For those suffering depression or anxiety, using cannabis for relief may not be the long-term answer.
That’s according to new research from a team at Colorado State University seeking scientific clarity on how cannabis — particularly chronic, heavy use — affects neurological activity, including the processing of emotions.
Researchers have published a study in PeerJ describing their findings from an in-depth, questionnaire-based analysis of 178 college-aged, legal users of cannabis.
Recreational cannabis became legal in Colorado in 2014. Since then, seven other states have enacted legalization for recreational use, while many others allow medical use.
Through the study, which was based solely upon self-reported use of the drug, the researchers sought to draw correlations between depressive or anxious symptoms and cannabis consumption.
They found that those respondents categorized with subclinical depression, who reported using the drug to treat their depressive symptoms, scored lower on their anxiety symptoms than on their depressive symptoms.
So, they were actually more depressed than they were anxious. The same was true for self-reported anxiety sufferers: they were found to be more anxious than they were depressed.
In other words, “if they were using cannabis for self-medication, it wasn’t doing what they thought it was doing,” explained co-author Jacob Braunwalder.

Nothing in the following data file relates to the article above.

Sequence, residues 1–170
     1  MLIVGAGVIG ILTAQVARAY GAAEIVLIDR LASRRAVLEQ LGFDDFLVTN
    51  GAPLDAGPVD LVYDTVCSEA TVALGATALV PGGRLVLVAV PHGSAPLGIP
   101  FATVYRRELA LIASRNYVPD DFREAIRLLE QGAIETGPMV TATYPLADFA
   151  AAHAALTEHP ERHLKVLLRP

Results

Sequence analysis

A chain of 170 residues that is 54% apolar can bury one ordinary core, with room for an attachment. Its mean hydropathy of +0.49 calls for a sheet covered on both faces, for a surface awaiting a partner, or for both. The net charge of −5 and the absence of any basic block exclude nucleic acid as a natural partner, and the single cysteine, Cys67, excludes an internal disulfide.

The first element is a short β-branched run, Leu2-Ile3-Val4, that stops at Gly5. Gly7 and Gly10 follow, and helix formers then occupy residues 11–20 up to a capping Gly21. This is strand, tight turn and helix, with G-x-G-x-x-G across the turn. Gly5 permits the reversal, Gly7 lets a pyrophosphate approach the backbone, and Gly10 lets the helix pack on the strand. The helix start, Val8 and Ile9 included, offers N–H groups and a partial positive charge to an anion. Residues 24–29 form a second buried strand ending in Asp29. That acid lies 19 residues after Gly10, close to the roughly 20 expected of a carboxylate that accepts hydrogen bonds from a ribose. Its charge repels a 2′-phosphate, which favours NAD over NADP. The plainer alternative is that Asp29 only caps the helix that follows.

“There is a common perception that cannabis relieves anxiety.” Yet research has yet to support this claim fully,” he said.
Due to the federal government’s stringent regulations around researching cannabis, which is a schedule I drug, the general public’s perception of how it affects the brain is often based in “mythos,” Braunwalder said.
There are currently no CSU research labs that administer cannabis to study participants, as administration of the drug for research would require special licensing and security.
Moving forward, the researchers want to refine their results and concentrate on respondents’ level and length of exposure to legally available high-THC products like concentrates and hash oils, around which there has been little scientific inquiry.
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News source: Colorado State University. The content is edited for length and style purposes.
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